Way back in October 2014, one of NASA’s spacecraft had a very bad day.
The space agency’s Lunar Reconnaissance Orbiter (LRO) — which launched on its mission to study the moon in 2009 — was actually smacked in the camera by a tiny piece of fast-moving space debris on Oct. 13, 2014.
But amazingly, it lived to tell the tale.
A photo taken that day by the LRO’s camera in question shows a kind of incredible looking zigzag pattern distorting a black and white image of the moon.
“Since the impact presented no technical problems for the health and safety of the instrument, the team is only now announcing this event as a fascinating example of how engineering data can be used, in ways not previously anticipated, to understand what is happening to the spacecraft over 236,000 miles (380,000 kilometers) from the Earth,” John Keller, LRO project scientist, said in a statement.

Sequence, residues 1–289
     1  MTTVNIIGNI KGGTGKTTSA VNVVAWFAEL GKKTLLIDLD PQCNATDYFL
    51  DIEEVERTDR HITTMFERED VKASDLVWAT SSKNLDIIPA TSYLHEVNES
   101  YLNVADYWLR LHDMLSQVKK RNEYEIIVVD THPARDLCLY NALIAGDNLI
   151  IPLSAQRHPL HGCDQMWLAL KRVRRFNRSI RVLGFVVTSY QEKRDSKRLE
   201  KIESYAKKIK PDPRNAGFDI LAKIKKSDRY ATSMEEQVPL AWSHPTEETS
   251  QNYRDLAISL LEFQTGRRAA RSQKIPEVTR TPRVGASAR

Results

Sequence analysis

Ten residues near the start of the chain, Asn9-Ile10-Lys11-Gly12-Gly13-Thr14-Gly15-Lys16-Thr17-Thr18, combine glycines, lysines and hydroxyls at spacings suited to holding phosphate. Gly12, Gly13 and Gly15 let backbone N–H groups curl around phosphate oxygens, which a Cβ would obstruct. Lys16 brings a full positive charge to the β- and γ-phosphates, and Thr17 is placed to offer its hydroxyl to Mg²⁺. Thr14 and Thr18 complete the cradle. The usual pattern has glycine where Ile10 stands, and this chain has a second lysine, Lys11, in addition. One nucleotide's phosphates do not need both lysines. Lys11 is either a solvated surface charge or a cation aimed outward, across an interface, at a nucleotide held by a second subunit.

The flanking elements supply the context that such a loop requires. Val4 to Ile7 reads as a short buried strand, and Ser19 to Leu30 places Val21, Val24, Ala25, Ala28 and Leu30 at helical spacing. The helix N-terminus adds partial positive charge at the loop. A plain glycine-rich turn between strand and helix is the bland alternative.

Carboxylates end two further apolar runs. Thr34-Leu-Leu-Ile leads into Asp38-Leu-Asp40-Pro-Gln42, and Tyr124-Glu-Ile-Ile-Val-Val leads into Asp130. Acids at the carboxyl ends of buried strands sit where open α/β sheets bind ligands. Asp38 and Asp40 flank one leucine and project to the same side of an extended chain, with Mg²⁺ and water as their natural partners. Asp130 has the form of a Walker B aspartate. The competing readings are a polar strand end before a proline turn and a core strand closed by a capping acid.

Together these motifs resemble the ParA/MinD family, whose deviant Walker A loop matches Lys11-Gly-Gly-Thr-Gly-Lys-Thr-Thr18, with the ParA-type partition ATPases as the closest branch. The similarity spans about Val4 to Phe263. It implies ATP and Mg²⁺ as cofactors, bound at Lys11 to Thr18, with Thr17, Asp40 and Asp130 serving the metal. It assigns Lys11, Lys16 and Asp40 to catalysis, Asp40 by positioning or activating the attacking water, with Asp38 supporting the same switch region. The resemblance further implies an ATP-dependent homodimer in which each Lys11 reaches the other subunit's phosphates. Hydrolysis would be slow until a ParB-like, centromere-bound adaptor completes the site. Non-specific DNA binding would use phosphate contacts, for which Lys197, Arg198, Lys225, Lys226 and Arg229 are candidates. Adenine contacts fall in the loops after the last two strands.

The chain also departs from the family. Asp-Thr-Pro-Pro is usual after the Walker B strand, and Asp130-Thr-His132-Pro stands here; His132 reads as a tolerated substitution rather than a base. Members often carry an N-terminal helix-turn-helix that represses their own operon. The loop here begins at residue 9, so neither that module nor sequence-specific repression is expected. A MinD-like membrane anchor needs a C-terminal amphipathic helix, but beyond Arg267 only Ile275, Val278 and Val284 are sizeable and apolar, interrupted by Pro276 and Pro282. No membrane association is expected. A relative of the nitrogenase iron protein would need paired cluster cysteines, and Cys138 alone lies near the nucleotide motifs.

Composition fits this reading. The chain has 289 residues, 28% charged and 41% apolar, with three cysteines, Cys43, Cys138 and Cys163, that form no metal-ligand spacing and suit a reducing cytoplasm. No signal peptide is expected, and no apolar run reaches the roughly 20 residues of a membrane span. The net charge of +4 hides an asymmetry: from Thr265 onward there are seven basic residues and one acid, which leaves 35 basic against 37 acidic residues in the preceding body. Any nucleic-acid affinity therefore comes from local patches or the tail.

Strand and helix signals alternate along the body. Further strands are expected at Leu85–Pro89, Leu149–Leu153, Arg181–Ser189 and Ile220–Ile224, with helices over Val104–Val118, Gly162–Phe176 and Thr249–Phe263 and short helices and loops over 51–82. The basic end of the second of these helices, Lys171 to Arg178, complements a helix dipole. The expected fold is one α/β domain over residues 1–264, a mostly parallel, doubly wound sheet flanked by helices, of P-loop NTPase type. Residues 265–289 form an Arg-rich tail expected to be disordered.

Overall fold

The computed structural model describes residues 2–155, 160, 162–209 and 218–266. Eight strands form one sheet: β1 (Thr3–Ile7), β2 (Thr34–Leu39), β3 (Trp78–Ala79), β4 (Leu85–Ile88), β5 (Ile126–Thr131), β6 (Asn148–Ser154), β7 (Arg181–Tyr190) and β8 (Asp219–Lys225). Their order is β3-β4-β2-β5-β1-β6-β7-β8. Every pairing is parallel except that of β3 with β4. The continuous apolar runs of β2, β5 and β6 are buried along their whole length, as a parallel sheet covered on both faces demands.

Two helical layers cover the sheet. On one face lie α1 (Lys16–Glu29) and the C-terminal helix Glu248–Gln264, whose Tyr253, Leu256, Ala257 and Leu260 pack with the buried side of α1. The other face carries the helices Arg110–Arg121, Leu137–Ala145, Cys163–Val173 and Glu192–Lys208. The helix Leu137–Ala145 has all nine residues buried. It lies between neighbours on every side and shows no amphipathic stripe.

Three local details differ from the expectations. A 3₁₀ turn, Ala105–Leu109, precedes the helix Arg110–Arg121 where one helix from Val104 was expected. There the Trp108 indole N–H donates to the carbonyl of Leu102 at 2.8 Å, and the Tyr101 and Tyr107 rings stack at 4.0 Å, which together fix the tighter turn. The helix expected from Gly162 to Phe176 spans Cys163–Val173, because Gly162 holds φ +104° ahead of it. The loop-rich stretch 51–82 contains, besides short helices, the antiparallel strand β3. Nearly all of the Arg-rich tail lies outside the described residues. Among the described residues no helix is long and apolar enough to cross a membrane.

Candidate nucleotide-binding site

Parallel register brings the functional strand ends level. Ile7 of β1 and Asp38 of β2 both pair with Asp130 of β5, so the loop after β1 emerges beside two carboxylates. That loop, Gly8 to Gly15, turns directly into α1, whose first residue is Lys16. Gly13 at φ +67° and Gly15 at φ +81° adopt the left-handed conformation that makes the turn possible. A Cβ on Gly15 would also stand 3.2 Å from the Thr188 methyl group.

The wobbly photo also presented an interesting opportunity for anyone curious about what it might “sound” like when a spacecraft is smacked in the face with a little piece of space rock.
According the Alex Parker — the scientist who converted the visual waves into sound — it sounds a little bit like “spang.”
Here’s a first-pass audio reconstruction of Lunar Reconnaissance Orbiter micrometeoroid strike, estimated from image oscillation.
— Alex Parker (@Alex_Parker) May 26, 2017
Researchers also did a little space age sleuthing to figure out exactly how large the micrometeoroid that impacted the LRO camera was.
LRO scientists worked backwards using data collected by the spacecraft during the impact to figure out that a piece of debris the size of half a pinhead was responsible for the wiggly image.
“The meteoroid was traveling much faster than a speeding bullet,” LRO scientist Mark Robinson, said in the statement.
Scientists also know that the image must have been due to a micrometeoroid strike because there were no other events onboard the spacecraft — like antenna movements or solar panel repositionings — that could have caused that vibration at the time.
Space debris in general is dangerous for satellites in orbit around Earth or really anywhere else in the solar system. Speeding particles of dust and ice can really damage a spacecraft’s systems, but luckily, the LRO got through this close brush relatively unscathed.